Fargo man's 4-day sentence for trying to derail BNSF train irks prosecutor

"This defendant planned and attempted a serious attack on critical infrastructure and human life and then he obstructed the federal investigation," U.S. Attorney Drew Wrigley said.

Skylar Goodman
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FARGO — North Dakota's U.S. attorney is not happy with a judge's decision to sentence a Fargo man to four days in jail for his conviction on a charge of attempting to derail a BNSF freight train in May.

"While we respect the judge in this matter, we take strong exception to a sentence that allows the defendant to walk free, avoiding the applicable guideline sentence of 2-2 1/2 years in federal prison," U.S. Attorney Drew Wrigley said Friday, Feb. 19, in a statement.

The statement referenced a decision by U.S. District Judge Peter Welte to sentence Skylar Dayne Goodman, 19, of Fargo to four days' incarceration followed by three years of supervised release for his convictions on charges of attempting to derail a BNSF train and attempting to obstruct an official proceeding.

Welte also ordered Goodman to pay $3,124 in restitution to the railroad.

According to the statement released by Wrigley:


A BNSF train was traveling from Breckenridge, Minn., to Black Thunder Mine in Wyoming in early May when it approached a crossing one mile west of Casselton, N.D., at which point it encountered a "rough track."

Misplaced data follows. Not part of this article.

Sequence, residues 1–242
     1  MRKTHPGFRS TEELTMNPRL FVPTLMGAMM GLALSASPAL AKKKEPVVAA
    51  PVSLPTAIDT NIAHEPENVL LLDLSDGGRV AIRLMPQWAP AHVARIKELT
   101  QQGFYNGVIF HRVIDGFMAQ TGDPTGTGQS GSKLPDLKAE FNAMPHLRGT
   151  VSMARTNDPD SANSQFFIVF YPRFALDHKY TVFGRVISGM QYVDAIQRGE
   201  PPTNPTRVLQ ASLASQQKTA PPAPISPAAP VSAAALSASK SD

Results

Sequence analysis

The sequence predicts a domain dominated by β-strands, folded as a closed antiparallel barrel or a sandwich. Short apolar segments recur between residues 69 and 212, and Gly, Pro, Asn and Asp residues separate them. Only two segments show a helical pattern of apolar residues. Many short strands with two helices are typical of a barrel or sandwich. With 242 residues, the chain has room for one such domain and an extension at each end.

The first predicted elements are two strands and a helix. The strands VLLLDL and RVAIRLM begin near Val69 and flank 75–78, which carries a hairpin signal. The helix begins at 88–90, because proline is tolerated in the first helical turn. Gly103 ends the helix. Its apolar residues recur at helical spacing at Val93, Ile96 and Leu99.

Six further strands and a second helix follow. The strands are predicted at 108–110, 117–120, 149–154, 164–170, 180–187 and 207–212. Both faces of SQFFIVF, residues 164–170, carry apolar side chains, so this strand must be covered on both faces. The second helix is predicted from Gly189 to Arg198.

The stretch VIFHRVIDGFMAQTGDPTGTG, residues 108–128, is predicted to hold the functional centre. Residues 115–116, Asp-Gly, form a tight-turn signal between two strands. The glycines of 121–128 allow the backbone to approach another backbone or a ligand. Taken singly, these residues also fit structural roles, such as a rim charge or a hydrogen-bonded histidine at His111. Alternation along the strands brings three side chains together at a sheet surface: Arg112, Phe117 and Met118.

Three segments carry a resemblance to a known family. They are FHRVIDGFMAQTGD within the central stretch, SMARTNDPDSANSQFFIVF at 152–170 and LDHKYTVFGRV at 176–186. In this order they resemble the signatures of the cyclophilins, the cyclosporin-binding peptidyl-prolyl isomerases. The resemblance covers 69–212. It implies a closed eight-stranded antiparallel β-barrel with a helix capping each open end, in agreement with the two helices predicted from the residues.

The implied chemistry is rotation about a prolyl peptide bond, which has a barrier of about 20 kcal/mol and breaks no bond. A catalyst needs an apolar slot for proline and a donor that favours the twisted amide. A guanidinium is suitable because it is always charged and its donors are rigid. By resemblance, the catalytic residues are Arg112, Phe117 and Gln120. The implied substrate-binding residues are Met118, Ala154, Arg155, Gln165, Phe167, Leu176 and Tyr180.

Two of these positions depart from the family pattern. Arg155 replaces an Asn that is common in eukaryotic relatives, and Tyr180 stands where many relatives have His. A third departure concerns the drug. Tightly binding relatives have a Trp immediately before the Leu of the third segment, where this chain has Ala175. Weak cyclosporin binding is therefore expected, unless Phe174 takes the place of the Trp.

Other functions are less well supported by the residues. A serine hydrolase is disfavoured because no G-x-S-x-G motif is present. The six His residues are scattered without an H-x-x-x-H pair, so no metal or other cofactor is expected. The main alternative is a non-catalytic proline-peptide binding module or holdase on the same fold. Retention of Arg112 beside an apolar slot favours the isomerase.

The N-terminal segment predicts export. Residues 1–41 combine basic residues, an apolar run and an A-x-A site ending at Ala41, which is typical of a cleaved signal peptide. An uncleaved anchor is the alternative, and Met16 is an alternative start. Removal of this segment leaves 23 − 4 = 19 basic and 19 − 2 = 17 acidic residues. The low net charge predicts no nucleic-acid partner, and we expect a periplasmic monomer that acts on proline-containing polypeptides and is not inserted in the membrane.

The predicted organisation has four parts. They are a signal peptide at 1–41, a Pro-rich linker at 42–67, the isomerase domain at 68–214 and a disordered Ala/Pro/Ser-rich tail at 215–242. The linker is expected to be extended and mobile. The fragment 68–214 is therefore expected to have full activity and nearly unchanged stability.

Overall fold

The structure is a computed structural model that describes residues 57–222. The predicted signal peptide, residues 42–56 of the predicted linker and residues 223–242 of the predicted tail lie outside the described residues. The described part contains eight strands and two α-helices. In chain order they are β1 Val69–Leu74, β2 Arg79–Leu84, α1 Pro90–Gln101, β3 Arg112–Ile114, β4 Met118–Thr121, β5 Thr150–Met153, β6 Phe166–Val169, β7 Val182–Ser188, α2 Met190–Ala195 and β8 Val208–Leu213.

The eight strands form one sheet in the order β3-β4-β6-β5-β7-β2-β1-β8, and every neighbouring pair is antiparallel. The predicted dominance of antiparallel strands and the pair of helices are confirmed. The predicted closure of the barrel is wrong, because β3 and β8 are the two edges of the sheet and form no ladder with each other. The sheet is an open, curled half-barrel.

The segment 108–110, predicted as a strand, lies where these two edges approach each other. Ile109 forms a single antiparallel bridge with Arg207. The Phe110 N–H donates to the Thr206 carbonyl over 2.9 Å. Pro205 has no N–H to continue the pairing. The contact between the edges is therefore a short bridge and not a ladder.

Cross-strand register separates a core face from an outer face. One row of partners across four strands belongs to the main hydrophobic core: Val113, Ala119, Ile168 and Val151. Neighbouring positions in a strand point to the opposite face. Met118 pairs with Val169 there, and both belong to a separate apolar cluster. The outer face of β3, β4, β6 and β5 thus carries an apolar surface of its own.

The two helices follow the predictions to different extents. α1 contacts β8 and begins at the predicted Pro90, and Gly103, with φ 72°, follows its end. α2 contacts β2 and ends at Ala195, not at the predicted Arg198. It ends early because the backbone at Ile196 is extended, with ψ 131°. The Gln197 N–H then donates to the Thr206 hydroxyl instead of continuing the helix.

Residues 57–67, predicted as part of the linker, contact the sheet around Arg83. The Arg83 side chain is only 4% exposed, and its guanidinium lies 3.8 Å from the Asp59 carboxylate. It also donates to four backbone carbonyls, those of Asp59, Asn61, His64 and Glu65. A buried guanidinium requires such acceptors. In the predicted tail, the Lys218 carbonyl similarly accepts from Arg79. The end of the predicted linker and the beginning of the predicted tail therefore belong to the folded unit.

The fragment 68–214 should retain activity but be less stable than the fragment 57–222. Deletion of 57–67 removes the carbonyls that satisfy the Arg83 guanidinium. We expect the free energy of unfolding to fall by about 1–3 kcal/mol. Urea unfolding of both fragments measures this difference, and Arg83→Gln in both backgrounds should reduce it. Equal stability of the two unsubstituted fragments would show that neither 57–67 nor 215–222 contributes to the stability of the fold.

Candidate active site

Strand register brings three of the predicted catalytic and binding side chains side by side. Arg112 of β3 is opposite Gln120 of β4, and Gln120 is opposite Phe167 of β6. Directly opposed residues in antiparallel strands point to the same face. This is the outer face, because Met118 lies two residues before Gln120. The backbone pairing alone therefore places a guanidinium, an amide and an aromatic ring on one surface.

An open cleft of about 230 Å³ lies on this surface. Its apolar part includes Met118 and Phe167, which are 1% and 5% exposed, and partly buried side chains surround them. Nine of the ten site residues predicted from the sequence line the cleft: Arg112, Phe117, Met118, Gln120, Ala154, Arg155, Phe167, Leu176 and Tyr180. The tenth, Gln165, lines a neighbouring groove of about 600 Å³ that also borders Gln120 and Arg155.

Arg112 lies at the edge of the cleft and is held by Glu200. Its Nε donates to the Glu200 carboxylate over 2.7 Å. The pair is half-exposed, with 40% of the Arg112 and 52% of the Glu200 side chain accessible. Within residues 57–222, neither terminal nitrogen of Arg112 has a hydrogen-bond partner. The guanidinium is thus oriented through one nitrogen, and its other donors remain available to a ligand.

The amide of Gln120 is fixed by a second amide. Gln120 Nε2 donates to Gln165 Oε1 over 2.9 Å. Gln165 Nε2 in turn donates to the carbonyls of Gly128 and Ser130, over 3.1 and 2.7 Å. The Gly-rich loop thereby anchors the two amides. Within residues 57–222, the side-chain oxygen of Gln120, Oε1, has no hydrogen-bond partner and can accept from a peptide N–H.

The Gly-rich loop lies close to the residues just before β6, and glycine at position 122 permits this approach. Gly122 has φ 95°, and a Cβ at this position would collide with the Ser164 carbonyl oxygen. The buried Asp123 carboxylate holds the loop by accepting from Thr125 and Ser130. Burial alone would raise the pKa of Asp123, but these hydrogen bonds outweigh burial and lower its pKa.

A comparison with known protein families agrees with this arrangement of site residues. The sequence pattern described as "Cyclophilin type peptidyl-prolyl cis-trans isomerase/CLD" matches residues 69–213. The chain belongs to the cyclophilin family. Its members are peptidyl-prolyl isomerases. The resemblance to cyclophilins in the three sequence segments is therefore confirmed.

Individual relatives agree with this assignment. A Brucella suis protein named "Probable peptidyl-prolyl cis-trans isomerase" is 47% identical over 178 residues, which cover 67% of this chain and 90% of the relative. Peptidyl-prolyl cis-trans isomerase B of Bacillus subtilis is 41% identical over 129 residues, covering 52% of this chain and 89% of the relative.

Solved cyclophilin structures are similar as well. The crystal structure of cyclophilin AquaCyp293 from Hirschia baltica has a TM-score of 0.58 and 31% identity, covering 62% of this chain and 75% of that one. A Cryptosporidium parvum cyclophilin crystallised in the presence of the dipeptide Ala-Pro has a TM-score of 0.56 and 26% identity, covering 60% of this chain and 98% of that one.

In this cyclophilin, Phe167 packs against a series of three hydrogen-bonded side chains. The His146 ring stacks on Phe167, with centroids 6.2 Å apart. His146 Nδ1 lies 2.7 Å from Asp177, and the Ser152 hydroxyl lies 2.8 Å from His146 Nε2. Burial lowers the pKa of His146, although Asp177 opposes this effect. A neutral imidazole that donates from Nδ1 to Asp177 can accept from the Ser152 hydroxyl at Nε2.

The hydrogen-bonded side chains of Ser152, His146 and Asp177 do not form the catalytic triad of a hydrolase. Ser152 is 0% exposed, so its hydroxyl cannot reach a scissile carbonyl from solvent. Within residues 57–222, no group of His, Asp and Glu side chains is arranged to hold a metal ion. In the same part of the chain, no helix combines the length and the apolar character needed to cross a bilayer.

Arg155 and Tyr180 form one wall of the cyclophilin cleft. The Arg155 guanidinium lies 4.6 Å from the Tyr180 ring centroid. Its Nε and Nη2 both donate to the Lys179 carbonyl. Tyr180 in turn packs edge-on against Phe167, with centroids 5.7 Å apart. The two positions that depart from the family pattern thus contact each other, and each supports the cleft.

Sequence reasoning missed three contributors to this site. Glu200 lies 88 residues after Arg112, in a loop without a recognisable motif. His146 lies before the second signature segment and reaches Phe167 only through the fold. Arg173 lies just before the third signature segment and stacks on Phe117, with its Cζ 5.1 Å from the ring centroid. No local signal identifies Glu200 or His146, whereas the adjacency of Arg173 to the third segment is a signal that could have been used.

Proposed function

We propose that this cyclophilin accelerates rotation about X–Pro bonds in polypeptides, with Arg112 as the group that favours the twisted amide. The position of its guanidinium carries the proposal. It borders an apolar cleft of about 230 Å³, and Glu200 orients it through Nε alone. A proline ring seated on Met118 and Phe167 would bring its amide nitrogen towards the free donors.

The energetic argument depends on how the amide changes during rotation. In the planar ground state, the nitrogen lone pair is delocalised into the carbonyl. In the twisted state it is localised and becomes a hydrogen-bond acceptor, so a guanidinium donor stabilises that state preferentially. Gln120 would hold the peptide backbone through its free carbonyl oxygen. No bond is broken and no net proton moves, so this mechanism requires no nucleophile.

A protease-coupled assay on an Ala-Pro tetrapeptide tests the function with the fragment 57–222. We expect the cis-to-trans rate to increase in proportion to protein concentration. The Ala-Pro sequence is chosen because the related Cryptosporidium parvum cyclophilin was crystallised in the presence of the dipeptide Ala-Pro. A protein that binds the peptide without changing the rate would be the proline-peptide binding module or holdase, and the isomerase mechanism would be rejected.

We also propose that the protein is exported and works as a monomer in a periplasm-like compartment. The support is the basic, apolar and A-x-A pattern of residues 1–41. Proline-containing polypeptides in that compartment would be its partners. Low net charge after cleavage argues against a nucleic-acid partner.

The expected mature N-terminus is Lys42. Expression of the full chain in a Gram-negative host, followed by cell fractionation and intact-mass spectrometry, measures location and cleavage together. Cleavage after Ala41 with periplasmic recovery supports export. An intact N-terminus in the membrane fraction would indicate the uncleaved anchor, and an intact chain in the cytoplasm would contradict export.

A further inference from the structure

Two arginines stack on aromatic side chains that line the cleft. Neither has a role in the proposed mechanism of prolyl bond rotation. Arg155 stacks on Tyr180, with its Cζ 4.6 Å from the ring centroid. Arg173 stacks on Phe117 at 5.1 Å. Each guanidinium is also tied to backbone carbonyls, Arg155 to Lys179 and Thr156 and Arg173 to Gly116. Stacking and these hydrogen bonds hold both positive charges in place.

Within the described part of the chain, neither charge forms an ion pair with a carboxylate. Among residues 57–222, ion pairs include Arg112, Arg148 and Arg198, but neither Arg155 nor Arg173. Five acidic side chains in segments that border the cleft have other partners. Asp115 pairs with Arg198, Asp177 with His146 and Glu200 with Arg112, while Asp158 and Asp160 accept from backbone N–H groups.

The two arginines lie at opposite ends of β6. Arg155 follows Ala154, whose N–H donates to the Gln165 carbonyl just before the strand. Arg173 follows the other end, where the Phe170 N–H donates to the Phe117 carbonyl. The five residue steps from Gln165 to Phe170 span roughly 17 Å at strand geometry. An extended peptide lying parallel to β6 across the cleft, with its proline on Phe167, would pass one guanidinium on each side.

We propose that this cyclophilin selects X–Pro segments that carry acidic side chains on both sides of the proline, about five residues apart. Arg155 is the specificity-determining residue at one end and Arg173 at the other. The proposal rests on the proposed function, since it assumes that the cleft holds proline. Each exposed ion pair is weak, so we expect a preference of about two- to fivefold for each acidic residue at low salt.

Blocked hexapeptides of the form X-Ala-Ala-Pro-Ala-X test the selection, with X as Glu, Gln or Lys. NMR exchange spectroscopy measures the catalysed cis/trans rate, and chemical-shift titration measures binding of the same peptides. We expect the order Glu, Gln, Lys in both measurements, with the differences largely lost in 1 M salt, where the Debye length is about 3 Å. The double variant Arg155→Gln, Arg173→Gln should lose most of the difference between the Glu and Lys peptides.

The crew on the train immediately reported the rough track, and later that evening a train inspector discovered a device called a re-railer on the track, which is a tool used to place a train back on the track after a derailment, but which is also capable of causing a train to derail.

A re-railer is typically painted bright yellow in the event it is inadvertently left on the track. The one found on the track that evening in 2020 was spray-painted black.

An investigation by BNSF and the FBI revealed that Goodman placed the device on the track and, after his arrest, an acquaintance made a statement to law enforcement that appeared to exonerate Goodman.

Further investigation revealed the witness was threatened by Goodman into fabricating a story.

"This defendant planned and attempted a serious attack on critical infrastructure and human life and then he obstructed the federal investigation," Wrigley said.

A federal prosecutor said last fall after Goodman was charged that a person charged with such a crime could face up to 20 years in prison and if people were on the train the sentence could be enhanced to life in prison.

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